Everyone is terrible and that’s incredible: a review of Hench by Natalie Zina Walschots

Hench by Natalie Zina Walschots is the story of a down-on-her luck henchperson by the name of Anne struggling to make ends in a horribly exploitative capitalist society where heroes and villains own their own companies with disastrous HR practices. When Anne gets into an accident with the most famous hero of them all— Supercollider— her rage pushes her to try to fight back in the only way she knows how: blogging. This catches the eyes of some exceptionally big players, including, much to her chagrin, Supercollider.

And now I get to review it

What can I say about Hench other than it took me by surprise, to the point where I probably ruined my posture for life as I was hunched over reading it.

It starts off as an extremely on-the-nose take of someone who is being chewed up and spat out, almost living on the fringes of society in the Gig Economy. Anne is a Hench— a goon for hire. She must pray and balance her bank budget to make sure she can eat from week to week, and prays the temp agency will give her something— anything— to put bread on the table, regardless of what it is.

The situation seems to improve for Anne when she is hired for the mysterious E, a minor villain CEO for a startup (and a habit of asking you far too many probing questions). E looks to capitalise on a recent new invention of his, and through some unspoken actions of Anne, takes a shining to her, to the point where she thinks she’s actually on the way up. Unfortunately, she very quickly finds out the motive of E; she’s a placeholder, a PR puff so people won’t crawl up his ass for having too many male goons around. He has an image to uphold, after all. Even worse still, Supercollider— who punches well above the realm in which E operates in— decides to drop in. Anne is in the wrong place at the wrong time, and suffers greatly for it. After a brief stint in hospital and physiotherapy, Anne goes home and is morose and dejected, her life essentially ruined. It is in this ruination, that she starts to focus her anger into something tangible.

I’d been thinking about Supercollider the wrong way, I learned. I had been thinking about him as a person- an immensely destructive person, but a human being nonetheless. But he had more in common with a hurricane than a person, and once I adjusted my thinking, I realized there was a whole system devised to describe such forces, and what they cost. The currency was years of human life.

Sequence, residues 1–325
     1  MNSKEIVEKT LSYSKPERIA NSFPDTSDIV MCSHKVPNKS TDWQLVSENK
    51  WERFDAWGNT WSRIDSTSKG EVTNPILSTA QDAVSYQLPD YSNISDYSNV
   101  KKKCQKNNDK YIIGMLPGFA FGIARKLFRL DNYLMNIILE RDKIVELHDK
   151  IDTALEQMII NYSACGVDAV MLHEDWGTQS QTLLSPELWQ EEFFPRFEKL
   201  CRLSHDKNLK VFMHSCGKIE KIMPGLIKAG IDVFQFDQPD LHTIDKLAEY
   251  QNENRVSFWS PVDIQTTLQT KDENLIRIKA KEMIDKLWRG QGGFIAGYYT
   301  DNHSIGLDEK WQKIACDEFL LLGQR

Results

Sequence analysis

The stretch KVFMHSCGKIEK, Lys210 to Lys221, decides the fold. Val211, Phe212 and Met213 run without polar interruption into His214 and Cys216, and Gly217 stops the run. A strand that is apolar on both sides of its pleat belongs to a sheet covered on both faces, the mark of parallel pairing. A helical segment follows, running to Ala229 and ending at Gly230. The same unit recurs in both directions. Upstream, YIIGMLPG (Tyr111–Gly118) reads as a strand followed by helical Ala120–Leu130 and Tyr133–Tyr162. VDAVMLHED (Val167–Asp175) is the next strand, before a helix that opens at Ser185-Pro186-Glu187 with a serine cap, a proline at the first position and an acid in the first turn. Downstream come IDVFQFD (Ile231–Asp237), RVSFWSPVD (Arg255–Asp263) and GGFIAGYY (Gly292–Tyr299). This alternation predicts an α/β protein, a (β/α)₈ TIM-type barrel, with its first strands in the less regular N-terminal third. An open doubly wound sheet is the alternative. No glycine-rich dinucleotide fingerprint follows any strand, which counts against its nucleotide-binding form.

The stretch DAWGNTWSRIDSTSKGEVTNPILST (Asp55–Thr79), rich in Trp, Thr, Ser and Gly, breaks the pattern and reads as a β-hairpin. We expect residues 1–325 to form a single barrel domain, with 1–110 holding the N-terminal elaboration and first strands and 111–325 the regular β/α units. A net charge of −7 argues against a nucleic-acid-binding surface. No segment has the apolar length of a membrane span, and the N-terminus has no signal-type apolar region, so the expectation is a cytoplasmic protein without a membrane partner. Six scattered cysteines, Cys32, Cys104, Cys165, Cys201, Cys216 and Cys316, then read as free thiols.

And in that anger, Anne behind to calculate the hard numbers. She comes to realise that heros objectively cause more harm than good for the relatively small bad being done by villains. In human life alone, Supercollider has done great crimes. In fact, if he continued, he would cause as much harm and damage as an earthquake. So, she does what she can in her limited capacity.

She starts a blog.

It goes the way most blogs go, languishing in obscurity, until she’s picked up by a journalist. But then people pay attention. People start asking questions. She starts coming onto the radar of people, villainous and heroic.

What I love about this story is the slow building of what makes a villain in the 21st century: Data, and how you use it. Anne’s only superpower is to be able to look at data and arrange it in such a way that it makes sense. It’s not unique in any sense of the word— the story points that out— but it is her approach that catches the interest of other people in the story, and mine. It is with this data-driven framing, and Anne’s growth away from the blog into long term employment by a supervillain, that this book takes real-world tactics from professional doxxers and makes it work to very chilling effect.

In one instance, Anne goes after a female superhero using witch-hunting and purity-trolling you regularly see online on twitter and others. It’s a scenario designed to be extremely uncomfortable, and feels like it’s the author’s statement that only in a world of superheroes and supervillains do these actions feel justified. But in the context of Anne, none of these things matter: she is doing her job, and she’s getting paid and rewarded handsomely for it.

The characters do not try to offer any kind of justification for what it is they are doing. Why would they? They’re people first, supervillains second. Anne only spends a few times reaffirming herself that her actions are just. She only need look at the numbers— the total years of human life saved— to act as her moral compass.

Hench is a delightful yet scary read that plays and deconstructs the superhero tropes. and one I well recommend reading.

Rating: 4/5

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